Cycling to work: How I got my butt in gear at 41

Convinced I would die a horrible death if I didn't get regular exercise, I started cycling 14 kilometres to and from the office. It's been four months — here's what I've learned.


Photo, Nadine Silverthorne.

Like a total Gen-X cliché, I turned 40 last year and decided it was time to exercise. This was as good as it was gonna get, I thought, and it was time to take action before everything started sliding south, like a soft-serve cone on a hot day. I convinced myself I would die a horrible death if I didn’t get active. I owed it to my family to set a good example of healthy living. Plus, I kinda expected I’d be … taut-er at 40.

With a busy job (I manage digital products for Rogers Publishing) and two kids under 10, I was on a daily guilt-trip for the greater part of a year. Each time I accepted a meeting scheduled during my lunchtime workout or answered two more emails before rushing out for the daycare dash rather than hopping onto the elliptical machine, I hated myself a little more.

Related: The best cycling-to-work tips from Chatelaine staffers

One early spring weekend, my son at a friend’s house with his bike, my husband encouraged me to pick Nate up on two wheels. The subsequent ride was torture, a flurry of tears. Man, I hated that old bike. Then I had my Oprah “a-ha moment.” I decided I would treat myself to a lighter, sparkly-new comfort bike. And I would ride the 14 kilometres a day to the office and back.

To offset the cost, I would not buy a public transit pass for five months. This would also keep me from cheating and getting on the bus. I named my new best girl Donna Summer (homage to the original Bad Girl) and began to Instagram and Facebook my journey to keep myself accountable.

It’s been just over four months of getting my exercise doing something I was doing anyway­ — getting my arse to and from work. Save two weeks of extreme heat waves, I’ve been incredibly consistent. Which is shocking to me, because the only habit I’ve kept for longer is biting my nails since Grade 7. Here’s what I’ve learned on my velo-commute.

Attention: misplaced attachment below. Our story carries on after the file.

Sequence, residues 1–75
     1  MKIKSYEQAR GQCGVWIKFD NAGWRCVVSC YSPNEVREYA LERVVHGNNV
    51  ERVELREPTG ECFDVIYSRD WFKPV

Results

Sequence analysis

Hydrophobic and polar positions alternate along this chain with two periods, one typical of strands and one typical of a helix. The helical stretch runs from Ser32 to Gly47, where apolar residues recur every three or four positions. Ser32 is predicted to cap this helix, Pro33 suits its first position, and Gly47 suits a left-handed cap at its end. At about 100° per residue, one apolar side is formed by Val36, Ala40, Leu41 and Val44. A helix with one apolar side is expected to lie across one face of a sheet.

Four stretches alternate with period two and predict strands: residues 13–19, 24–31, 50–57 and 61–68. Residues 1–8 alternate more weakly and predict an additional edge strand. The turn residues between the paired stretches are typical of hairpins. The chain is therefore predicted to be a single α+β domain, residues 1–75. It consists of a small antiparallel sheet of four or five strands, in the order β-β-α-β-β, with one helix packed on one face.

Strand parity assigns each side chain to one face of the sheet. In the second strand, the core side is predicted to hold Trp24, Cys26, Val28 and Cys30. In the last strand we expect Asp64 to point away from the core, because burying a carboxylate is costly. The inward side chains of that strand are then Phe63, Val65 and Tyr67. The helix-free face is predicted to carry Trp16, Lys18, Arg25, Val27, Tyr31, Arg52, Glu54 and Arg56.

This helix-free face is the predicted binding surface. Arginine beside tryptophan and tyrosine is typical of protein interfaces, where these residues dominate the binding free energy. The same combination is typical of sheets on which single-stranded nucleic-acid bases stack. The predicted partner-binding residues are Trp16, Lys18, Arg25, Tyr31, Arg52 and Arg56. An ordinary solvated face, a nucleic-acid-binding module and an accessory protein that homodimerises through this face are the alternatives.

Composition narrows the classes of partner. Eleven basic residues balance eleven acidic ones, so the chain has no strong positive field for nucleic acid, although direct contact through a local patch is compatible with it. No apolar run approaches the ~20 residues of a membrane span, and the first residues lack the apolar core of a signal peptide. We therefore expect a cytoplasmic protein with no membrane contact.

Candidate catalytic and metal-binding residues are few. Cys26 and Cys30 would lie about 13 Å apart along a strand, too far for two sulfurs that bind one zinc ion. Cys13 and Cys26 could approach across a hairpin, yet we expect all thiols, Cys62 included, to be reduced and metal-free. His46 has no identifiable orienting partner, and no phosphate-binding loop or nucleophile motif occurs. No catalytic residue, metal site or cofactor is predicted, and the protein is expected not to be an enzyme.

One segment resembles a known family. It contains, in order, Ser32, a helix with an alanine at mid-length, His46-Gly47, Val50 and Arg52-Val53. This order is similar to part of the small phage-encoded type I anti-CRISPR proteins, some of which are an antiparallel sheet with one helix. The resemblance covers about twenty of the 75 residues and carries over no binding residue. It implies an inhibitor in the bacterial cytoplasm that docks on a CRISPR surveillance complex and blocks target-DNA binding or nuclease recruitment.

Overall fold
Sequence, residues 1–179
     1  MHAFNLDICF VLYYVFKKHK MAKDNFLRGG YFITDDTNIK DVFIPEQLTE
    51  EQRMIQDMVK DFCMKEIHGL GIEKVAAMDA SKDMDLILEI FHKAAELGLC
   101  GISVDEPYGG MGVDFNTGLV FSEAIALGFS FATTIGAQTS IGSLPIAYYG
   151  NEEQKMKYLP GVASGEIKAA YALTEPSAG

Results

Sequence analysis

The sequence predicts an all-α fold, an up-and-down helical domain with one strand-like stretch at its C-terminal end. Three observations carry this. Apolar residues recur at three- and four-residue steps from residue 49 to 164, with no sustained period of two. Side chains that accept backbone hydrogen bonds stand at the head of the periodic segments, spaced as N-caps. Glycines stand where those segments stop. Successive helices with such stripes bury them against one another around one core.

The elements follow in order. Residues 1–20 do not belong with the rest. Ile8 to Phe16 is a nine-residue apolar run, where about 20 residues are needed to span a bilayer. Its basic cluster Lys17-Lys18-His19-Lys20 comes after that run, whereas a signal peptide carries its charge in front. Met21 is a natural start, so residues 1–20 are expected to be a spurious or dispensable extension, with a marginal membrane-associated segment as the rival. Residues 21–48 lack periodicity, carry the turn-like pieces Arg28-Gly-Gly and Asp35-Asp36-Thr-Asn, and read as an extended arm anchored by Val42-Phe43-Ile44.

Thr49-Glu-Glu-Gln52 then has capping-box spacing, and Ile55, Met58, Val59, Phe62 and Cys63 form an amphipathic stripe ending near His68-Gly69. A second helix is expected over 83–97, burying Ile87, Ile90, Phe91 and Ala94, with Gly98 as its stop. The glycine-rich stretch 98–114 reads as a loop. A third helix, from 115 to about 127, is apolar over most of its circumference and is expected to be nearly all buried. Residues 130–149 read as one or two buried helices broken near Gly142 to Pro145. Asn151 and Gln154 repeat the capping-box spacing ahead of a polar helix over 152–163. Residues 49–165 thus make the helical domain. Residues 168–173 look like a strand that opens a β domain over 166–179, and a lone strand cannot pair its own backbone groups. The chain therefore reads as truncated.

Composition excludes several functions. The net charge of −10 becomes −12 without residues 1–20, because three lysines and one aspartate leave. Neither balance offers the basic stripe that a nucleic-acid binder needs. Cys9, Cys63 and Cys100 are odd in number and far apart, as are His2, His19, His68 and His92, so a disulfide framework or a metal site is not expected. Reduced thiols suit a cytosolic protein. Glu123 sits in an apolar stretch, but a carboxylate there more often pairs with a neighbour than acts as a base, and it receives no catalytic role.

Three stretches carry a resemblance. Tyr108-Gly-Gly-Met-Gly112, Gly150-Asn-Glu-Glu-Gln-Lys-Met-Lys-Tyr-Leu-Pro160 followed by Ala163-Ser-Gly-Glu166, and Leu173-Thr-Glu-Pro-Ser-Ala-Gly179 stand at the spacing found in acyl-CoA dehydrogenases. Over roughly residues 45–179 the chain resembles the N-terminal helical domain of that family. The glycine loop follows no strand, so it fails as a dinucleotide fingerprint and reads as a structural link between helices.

1. Biking to work will not make you skinny, because you’ll say, “Oh I can eat that! I biked to work today!”

2. It will, however, give you some serious quads, as well as what some might consider upper arm definition. And possibly some abs that will be obscured by jiggly fat and stretched skin from two babies (but there are totally abs under there).

3. Don’t worry about people passing you. Salute them internally, especially if it’s a woman 30 years your senior.

4. A gentle ding of a bell or a “passing on your left” is always appreciated.

5. Garbage day in ritzy neighbourhoods reminds you that rich people’s poop stinks too.

6. The universe is pretty fair mistress most days. After the crushing blow of a cute bearded man-bun circumventing me to ask the PYT ahead for directions, a Gael Garcia Bernal lookalike gave me an appreciative smile and hello just five minutes later. Plus, the GGB twin was wearing a helmet, so I took bonus points for attracting the smart one.

7. Wearing a helmet is non-negotiable. Buy yourself a cute one.

8. I need to listen to traffic so I don’t die, so I skip the ear buds. But belting out love songs to your bike while you ride is totally acceptable. Some days it’s Jodeci’s “All My Life” or Ed Sheeran’s “Thinking Out Loud” or some other random pop ballad. Leave your earworm suggestions in the comments below.

9. Being hyper-alert while you try not to die for 30 minutes makes you feel very alive.

10. Your colleagues will become your greatest cheerleaders. Reward them by bringing a change of clothes and a stick of deodorant to work.

11. Hills will become your friend. You will get to a point where you seek them out because you need to punish your brain for stressing too hard.

12. But if you don’t give yourself permission to walk up a hill when you need to, you might never get on your bike. A wise friend taught me that.

13. The most dangerous part of my ride each day is the moment I try to convince myself not to take Donna Summer out. Battling my own excuses is tough, but reminding myself of just how good (and less angry) I will feel if I face the challenge is usually enough of a motivator. Knowing I’ll feel less guilty for hitting the Ben & Jerry’s later isn’t too bad either.

Happy cycling!

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